fbpx
Now Reading
Revisiting the Rockjocks of Manila

Revisiting the Rockjocks of Manila

https://mantlemagazine.com/wp-content/uploads/2019/02/WHOMag-1979-BobMagoo-600x366.jpghttps://mantlemagazine.com/wp-content/uploads/2019/02/TVTimes-78-p5-djs-roofdeck-600x456.jpghttps://mantlemagazine.com/wp-content/uploads/2019/02/unicorn-stoneyburke-doublea-600x512.jpg

Rockjocks defined Manila’s ‘70s rock radio scene with progressive niche programming.

“DEE-zee-AHR-jaaayy! The Rockkkkk!” If you can read that and hear the jingle in your head, you’re one of them: the avid listeners of DZRJ-AM, The Rock of Manila, back when music depended on how finely you could tune your transistor radio dial to your favorite station.

Ask anyone in their sixties now–parents, uncles, professors at the conservatory of music–“Did you listen to DZRJ in the ‘70s?” There would be just one of two answers: a flat “No,” or a resounding “Oh yeah! I was a rocker!”

The rockers would quickly namedrop their favorite RJ-AM disc jockeys aptly called “rockjocks”: Double A, Bob Magoo, The Madman, Howlin’ Dave, Stoney Burke, Mystery Man, Baby John, Cousin Hoagy, or Unicorn. Then they’d beam with pride claiming they were once the cult that cultivated the Pinoy rock identity. They were there when The Doors told everyone to “Break on Through to the Other Side,” when the Rolling Stones had so much “Sympathy for the Devil,” when Juan de la Cruz Band got everyone to chorus “Ang Himig Natin.” They were there.

I say “they” not to simplify a reference but to confess that I’m one of those who answer “No” to having listened to DZRJ in high school. DZRJ was too loud; the announcers’ tongues were too twangy for my taste. I was, in fact, into their anathema: The Lettermen, The Cascades, and The Carpenters.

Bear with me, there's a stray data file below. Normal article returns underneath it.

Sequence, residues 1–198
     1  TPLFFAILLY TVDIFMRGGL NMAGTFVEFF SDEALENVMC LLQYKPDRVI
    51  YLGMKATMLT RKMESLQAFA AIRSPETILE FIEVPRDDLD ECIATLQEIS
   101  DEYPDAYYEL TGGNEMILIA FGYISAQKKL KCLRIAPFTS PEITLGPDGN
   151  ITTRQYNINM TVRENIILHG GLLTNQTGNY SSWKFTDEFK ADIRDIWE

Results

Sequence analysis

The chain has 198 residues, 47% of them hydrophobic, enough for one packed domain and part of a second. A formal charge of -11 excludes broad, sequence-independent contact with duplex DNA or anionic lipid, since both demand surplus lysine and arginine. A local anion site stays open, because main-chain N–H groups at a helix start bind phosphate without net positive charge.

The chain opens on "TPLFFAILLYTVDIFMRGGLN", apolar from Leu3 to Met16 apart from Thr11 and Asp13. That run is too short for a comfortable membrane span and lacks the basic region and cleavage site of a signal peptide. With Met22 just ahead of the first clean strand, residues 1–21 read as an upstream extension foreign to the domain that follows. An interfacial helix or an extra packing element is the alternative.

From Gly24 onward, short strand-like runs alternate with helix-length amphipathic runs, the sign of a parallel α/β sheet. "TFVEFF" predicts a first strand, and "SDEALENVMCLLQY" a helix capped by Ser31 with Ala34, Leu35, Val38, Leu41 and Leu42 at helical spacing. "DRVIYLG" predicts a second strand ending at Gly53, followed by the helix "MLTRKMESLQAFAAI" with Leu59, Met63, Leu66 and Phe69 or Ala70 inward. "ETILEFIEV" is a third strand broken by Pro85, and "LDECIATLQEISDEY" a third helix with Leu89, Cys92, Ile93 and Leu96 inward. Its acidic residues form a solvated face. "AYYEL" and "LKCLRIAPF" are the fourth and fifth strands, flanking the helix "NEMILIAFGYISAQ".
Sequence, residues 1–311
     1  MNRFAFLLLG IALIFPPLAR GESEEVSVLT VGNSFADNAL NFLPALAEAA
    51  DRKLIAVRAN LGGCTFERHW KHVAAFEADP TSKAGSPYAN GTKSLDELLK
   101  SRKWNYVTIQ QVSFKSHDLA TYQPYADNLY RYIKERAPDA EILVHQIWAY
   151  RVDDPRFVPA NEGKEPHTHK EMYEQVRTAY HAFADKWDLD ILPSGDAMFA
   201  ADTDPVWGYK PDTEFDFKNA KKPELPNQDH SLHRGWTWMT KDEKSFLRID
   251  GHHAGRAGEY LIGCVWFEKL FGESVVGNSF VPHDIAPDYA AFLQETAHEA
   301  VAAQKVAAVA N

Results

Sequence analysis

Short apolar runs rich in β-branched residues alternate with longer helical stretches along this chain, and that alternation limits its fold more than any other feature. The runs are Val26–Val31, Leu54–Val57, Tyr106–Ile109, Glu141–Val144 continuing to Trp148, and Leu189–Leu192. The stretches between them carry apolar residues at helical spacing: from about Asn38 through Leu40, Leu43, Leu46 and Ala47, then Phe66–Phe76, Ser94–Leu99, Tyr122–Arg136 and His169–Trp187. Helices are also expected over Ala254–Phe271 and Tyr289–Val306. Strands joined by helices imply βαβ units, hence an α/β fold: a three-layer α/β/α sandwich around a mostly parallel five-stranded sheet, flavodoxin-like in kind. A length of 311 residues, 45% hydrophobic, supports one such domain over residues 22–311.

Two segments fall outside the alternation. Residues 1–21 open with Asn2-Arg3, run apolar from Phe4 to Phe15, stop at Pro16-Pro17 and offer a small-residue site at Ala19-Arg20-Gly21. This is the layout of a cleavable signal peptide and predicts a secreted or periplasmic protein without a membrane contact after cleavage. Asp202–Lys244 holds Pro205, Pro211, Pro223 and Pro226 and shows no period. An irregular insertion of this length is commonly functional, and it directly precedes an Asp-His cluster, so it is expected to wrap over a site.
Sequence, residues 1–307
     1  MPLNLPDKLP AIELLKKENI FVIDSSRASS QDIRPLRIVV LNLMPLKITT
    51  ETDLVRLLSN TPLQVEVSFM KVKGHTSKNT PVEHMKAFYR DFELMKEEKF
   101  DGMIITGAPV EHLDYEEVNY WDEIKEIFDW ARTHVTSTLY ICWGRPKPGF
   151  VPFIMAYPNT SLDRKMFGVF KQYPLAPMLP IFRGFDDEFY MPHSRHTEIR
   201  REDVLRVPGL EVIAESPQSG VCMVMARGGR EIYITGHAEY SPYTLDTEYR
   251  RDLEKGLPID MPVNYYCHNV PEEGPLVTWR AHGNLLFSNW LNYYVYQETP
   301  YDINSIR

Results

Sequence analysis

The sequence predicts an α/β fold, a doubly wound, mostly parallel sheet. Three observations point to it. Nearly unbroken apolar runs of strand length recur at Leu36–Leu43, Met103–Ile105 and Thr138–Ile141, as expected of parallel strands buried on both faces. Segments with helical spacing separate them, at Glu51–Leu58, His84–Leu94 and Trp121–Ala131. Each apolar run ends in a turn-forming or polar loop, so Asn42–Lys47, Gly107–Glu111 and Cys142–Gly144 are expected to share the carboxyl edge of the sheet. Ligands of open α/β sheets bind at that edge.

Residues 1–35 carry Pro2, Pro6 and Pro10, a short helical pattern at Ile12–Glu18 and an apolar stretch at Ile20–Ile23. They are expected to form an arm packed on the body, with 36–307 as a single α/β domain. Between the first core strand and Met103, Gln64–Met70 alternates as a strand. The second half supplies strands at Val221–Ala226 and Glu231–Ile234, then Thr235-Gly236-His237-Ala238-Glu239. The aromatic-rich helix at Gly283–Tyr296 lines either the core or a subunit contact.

How was I to know that my midlife’s plot twist would put me smack in the circle of these rockers? Naturally, I became curious about the hype of it all.

“Waiting to Be Found” – Petrified Anthem

I asked Cho Enriquez, a retired IT guy, aspiring photographer, and parent to three college boys, why he’s one of “them.”

“Back then, the stations were pretty close on the analog dial—no presets yet—so I may have stumbled on DZRJ early on while rotating the dial away from Mom’s DZRH. I was in 2nd year high school, that time when you start looking for your tribe.

“The ‘masa’ in school was into pop music. Pinoy music back then meant the kundimans, or novelty songs, or the bubble gum of the Manila sound. Pinoy rock music raised its middle finger to all that, and I embraced it. JDLC, Florante De Leon, Phase 2, Petrified Anthem, Aunt Irma, Maria Cafra, and Anakbayan were all introduced to me by DZRJ.

“The RJ jocks had a distinct sound – the word that comes to mind is coño. And I don’t mean that in a bad way. They didn’t sound like they were trying to be cool. They sounded like guys who were really cool, people I’d want to hang around with all day. I also started sleeping with the radio on; Stoney Burke and Cousin Hoagy would play the soundtrack to dreamland. They played songs I’d never heard before. So now when I hear songs like Coryell’s ‘Beautiful Woman’, it takes me way back to them days when I’d be in bed with a transistor radio beside my head.”

“Reelin’ in the Years” – Steely Dan